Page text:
GET HIM TO THE GREEK
An ambitious young record company executive attempts to transport an unpredictable rock star to L.A.'s Greek Theatre in time for his hotly anticipated comeback performance in this spin-off of the comedy hit Forgetting Sarah Marshall. Aaron Green (Jonah Hill) has just landed his dream job in the record industry, and he's eager to prove his worth. His first assignment: travel to London and escort British rock god Aldous Snow (Russell Brand) to the show that will re-ignite his career. Before he departs, Aaron is warned by his boss Sergio Roma (Sean Combs) to never let Aldous out of his sight, and never underestimate his capacity for mayhem. Immensely talented yet deeply tortured, Aldous hit the bottle hard after his popularity began to wane and his girl walked out on him. Aldous is locked in the midst of an existential crisis, and rues the thought of being accompanied across the pond by an insincere sycophant. Though it seems like sex is the only thing Aldous ever thinks about, his thoughts turn to romance when he discovers that gorgeous model/pop singer Jackie Q (Rose Byrne) will be in Los Angeles at the time of his concert, too. Jackie Q is the love of Aldous' life, and he'll do anything and everything to win her heart. With the concert fast approaching and Aaron's fledgling career on the line, the race is on to get Aldous to the Greek, and ensure the big show goes off without a hitch. ~ Jason Buchanan, All Movie Guide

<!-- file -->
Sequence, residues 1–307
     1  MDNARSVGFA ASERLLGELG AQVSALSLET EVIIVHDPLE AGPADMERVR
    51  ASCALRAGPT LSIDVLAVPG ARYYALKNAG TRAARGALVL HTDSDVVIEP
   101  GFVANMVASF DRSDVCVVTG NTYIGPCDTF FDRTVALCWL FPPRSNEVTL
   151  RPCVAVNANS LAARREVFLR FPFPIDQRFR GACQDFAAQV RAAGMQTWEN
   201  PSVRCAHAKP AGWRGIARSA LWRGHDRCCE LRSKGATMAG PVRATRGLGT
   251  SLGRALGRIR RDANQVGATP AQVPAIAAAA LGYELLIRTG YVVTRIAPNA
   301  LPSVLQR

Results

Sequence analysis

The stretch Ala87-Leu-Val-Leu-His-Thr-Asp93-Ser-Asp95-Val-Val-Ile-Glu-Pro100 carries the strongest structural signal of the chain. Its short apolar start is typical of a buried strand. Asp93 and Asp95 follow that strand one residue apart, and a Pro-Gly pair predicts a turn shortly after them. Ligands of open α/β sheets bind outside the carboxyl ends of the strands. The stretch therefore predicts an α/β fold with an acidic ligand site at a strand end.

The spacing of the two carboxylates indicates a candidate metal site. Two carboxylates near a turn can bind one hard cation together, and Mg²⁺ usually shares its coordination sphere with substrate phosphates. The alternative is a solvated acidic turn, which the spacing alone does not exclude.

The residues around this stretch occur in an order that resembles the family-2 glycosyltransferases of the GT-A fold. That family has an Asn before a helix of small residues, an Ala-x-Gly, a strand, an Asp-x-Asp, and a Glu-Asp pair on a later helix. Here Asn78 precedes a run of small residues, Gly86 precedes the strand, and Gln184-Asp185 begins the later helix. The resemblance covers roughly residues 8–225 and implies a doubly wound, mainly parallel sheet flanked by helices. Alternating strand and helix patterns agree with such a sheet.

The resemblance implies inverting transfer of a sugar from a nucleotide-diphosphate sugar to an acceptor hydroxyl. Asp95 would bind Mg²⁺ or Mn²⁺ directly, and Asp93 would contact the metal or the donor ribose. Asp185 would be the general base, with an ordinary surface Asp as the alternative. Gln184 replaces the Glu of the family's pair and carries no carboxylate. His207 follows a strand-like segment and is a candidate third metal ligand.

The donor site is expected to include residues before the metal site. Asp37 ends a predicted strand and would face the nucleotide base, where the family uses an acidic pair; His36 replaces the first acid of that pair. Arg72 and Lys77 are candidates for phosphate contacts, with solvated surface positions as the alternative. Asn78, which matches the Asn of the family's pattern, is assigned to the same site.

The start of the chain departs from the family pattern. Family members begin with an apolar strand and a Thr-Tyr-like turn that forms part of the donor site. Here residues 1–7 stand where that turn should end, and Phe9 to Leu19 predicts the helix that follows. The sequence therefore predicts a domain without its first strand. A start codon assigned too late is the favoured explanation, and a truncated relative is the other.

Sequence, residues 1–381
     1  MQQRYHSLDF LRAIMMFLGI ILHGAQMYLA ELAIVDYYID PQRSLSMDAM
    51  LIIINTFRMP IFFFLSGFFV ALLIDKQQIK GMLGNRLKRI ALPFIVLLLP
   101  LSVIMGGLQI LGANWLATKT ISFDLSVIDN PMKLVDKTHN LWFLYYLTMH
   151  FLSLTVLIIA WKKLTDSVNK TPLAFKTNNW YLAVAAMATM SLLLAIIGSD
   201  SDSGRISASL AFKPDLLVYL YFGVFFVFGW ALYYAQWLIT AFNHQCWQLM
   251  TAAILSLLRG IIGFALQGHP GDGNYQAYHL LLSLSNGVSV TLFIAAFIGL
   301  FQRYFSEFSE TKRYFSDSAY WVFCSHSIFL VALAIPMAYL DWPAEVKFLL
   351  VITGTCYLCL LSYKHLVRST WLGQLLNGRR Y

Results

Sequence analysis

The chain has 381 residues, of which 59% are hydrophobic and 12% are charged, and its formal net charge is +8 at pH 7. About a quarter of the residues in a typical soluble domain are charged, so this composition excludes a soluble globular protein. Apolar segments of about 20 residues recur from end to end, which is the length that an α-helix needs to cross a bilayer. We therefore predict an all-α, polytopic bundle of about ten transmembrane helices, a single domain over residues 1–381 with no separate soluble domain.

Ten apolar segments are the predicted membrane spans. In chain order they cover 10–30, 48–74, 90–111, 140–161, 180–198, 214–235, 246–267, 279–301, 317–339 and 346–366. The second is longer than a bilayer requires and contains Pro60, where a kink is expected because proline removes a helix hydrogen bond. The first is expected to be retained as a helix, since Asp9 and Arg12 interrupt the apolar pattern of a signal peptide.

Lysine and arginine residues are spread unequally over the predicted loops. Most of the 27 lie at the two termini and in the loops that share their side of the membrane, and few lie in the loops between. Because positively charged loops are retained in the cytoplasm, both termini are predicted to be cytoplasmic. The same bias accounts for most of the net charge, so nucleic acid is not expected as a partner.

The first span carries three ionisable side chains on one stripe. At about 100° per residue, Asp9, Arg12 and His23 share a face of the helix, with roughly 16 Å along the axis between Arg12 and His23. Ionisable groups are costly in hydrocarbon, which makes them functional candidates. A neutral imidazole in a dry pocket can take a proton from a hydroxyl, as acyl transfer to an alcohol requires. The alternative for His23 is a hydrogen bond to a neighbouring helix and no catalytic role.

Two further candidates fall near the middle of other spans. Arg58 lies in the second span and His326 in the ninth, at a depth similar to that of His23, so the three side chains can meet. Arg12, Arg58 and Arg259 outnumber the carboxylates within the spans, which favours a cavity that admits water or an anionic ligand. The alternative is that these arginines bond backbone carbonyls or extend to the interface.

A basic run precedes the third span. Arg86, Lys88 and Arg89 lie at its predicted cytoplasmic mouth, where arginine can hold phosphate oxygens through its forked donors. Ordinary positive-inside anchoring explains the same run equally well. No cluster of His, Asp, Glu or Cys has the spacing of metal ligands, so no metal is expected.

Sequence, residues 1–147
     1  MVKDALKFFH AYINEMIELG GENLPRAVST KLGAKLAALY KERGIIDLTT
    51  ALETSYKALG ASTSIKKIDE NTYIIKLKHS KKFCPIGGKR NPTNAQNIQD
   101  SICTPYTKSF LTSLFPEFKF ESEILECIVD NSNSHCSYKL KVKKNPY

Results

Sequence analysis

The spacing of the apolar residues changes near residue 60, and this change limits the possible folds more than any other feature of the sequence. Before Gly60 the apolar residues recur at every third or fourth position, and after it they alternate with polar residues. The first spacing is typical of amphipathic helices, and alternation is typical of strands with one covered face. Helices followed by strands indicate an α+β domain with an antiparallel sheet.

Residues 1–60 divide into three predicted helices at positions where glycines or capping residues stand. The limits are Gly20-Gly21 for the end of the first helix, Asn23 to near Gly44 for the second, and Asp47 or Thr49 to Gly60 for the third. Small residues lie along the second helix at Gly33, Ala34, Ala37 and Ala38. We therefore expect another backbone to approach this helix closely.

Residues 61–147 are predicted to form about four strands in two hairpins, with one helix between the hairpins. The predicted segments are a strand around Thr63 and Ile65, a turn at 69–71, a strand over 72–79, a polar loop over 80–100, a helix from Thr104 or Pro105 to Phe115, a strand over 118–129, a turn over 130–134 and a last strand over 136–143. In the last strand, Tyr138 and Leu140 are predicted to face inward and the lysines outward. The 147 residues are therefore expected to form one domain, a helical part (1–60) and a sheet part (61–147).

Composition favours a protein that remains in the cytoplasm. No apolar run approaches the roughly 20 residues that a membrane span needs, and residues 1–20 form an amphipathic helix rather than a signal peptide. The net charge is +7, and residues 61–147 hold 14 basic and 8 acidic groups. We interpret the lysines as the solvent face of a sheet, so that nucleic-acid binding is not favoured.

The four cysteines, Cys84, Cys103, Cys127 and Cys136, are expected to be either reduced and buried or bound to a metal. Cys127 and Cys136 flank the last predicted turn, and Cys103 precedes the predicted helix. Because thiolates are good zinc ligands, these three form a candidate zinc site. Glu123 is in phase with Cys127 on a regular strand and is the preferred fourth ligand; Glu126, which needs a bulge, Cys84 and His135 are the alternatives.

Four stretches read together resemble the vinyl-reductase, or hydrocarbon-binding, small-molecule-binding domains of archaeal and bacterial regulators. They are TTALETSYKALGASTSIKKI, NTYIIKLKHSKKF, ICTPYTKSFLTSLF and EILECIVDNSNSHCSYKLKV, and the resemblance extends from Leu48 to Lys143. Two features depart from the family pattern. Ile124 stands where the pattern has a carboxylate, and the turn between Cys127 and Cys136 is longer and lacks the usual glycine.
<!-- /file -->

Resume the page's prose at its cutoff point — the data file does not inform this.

Director: Nick Stoller
Cast: Jonah Hill, Russell Brand, Rose Byrne, Sean Combs, Elisabeth Moss.
Release Date: Jun 04, 2010
Rated: strong sexual content, pervasive language and drug use throughout
Runtime: 1 hr. 49 min.
A sort of but not really sequel to Forgetting Sarah Marshall, Get Him to the Greek is tad like a rollercoaster ride. It’s most entertaining in the middle but comes to a jarring halt, fun wise, in the last act. Sadly, the emotional angle falls flat and since the 3rd act deals with it primarily it leaves you feeling way too detached from the Spinal Tap light fun. Nick Stoller, who also directed Forgetting Sarah Marshall, finds some good energy and moves the proceedings along at a brisk pace. Stoller doesn’t over direct the film and allows the strongest part of the film, Brand and Hill’s on screen chemistry, to do the heavy lifting. Russell Brand does fantastic work reprising his faux rock star alter ego Aldous Snow. Brand is just so comfortable on screen as Snow it kind of makes me wonder if we are just looking at him as opposed to a character. Johan Hill provides a good counter point to Brand’s unchecked insanity as the super up tight record label peon. Hill has an excellent understated quality about him that allows him to emote with only minor facial reactions. This gives his character a nice honest heart. Elisabeth Moss is good fun as Aaron’s girlfriend in a limited role. Sean Combs has an innate ability to suck any and all comedy or fun out of scene as he tries desperately to play record version of Tom Cruise’s character from Tropic Thunder and fails miserably. He’s such a dead spot and detracts from some of the funnier moments of the film. Music industry stars pop in cameos giving the film a nice authentic touch, along with some raunchy but funny song lyrics for Snow.